Cattle futures fell to the lowest in two weeks on speculation that a sluggish global economy will curb demand for commodities. Hog prices rose.
The Standard & Poor’s GSCI Spot Index of 24 raw materials tumbled to the lowest since October, with 21 commodities dropping, on signs that the European debt crisis is escalating. China, the biggest consumer of everything from copper to soybeans, has no plans to introduce stimulus measures to support growth on the scale similar to 2008, the state-run Xinhua News Agency said yesterday.
“A weak tone with these outside markets” drove cattle lower, Don Roose, the president of U.S. Commodities Inc. in West Des Moines, Iowa, said in a telephone interview. “That’s a limiting factor here.”
Cattle futures for August delivery fell 1.4 percent to settle at $1.17925 a pound at 1 p.m. on the Chicago Mercantile Exchange, after touching $1.177, the lowest for a most-active contract since May 14. The commodity has risen 3.3 percent in May, heading for the biggest monthly gain since January.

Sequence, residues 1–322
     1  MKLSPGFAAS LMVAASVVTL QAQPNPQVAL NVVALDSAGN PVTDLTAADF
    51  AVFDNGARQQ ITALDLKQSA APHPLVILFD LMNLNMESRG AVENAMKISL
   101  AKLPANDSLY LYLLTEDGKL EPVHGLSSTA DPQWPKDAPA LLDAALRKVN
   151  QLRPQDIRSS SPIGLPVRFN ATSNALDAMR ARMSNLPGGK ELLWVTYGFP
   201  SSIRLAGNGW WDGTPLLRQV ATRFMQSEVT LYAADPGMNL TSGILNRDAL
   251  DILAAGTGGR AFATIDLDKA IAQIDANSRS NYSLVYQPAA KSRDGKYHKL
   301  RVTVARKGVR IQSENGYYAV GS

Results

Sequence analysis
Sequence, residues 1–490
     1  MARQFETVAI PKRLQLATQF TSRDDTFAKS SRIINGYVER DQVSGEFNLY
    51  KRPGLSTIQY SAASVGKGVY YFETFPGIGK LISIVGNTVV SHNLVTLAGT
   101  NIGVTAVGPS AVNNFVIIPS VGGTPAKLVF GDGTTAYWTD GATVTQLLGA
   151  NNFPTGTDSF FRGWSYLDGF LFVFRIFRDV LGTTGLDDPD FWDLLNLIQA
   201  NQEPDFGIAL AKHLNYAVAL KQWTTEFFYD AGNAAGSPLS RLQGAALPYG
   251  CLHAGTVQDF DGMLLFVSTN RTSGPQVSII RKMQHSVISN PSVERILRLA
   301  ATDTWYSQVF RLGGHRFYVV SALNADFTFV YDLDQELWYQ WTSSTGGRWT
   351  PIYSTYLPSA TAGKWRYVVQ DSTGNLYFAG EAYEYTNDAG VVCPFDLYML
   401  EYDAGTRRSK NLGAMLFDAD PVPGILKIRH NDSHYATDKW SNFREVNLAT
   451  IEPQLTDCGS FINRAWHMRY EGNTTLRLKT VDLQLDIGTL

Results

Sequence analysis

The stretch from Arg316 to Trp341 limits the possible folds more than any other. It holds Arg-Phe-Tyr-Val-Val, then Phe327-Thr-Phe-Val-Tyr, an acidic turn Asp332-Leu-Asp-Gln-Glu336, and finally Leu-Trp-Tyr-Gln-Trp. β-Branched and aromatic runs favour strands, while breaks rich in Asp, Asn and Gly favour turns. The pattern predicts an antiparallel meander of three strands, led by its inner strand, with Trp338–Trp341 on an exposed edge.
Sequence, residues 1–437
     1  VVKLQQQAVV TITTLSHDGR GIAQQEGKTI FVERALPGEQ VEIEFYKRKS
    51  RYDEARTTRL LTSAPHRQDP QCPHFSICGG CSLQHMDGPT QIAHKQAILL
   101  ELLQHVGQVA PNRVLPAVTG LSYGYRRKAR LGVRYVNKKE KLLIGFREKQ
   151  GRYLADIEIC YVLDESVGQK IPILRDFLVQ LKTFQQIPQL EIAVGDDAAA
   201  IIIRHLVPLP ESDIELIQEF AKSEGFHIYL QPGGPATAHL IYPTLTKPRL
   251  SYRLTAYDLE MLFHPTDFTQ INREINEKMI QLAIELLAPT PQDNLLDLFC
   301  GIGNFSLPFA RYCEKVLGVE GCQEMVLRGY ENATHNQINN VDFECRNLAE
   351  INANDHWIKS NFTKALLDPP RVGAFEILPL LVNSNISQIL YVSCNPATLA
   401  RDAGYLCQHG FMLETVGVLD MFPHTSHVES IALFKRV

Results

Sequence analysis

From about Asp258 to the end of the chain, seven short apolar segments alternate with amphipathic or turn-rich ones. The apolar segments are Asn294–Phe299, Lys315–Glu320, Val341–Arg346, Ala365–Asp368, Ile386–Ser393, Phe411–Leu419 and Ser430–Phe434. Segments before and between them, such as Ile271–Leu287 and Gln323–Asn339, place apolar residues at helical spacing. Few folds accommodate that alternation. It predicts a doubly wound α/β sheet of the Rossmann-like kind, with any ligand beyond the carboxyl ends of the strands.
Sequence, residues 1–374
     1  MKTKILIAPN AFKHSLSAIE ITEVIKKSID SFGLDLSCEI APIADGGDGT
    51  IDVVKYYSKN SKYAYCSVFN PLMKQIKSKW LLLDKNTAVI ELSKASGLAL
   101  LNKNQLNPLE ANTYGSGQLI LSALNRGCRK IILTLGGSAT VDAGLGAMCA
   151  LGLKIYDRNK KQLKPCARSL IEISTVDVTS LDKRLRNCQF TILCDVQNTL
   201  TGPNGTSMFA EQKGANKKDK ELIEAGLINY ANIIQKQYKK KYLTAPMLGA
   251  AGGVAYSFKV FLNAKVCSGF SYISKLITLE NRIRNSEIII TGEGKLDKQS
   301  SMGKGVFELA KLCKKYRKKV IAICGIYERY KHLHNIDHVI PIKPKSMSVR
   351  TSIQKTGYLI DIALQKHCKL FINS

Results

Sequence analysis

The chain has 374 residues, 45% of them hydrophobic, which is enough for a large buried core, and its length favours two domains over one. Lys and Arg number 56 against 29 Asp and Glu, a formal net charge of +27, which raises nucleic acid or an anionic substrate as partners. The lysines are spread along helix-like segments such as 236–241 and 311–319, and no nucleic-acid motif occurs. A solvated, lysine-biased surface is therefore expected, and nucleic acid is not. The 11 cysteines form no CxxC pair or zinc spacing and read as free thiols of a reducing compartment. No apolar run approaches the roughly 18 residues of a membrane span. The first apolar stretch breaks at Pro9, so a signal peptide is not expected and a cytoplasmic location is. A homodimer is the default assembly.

Feeder-cattle futures for August settlement dropped 1 percent to settle at $1.56075 a pound.
China’s economy is forecast to expand 8.2 percent this year, based on the median estimate of analysts surveyed this month by Bloomberg News. That would be the slowest since 1999.
Hog futures for July settlement rose 0.4 percent to settle at 88 cents a pound in Chicago. The commodity has climbed 2.4 percent this month, heading for the biggest gain since January.
Wholesale pork rose 1.1 percent to 78.83 cents a pound yesterday, the biggest increase since May 14, and prices are up 1.1 percent this month, U.S. Department of Agriculture data show.